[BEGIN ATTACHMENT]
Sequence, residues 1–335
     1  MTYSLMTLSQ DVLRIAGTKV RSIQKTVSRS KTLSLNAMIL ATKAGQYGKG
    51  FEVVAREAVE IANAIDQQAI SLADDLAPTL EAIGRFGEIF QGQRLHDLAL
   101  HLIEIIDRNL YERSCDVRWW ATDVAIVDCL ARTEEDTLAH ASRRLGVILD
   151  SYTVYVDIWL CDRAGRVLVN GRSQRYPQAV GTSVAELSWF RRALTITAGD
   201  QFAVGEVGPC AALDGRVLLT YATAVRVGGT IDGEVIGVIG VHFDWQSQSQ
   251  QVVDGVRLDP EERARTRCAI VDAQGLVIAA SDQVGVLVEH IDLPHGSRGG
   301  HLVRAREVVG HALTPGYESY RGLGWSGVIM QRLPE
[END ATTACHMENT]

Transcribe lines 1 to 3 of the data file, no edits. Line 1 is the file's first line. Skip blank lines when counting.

Sequence, residues 1–335
     1  MTYSLMTLSQ DVLRIAGTKV RSIQKTVSRS KTLSLNAMIL ATKAGQYGKG
    51  FEVVAREAVE IANAIDQQAI SLADDLAPTL EAIGRFGEIF QGQRLHDLAL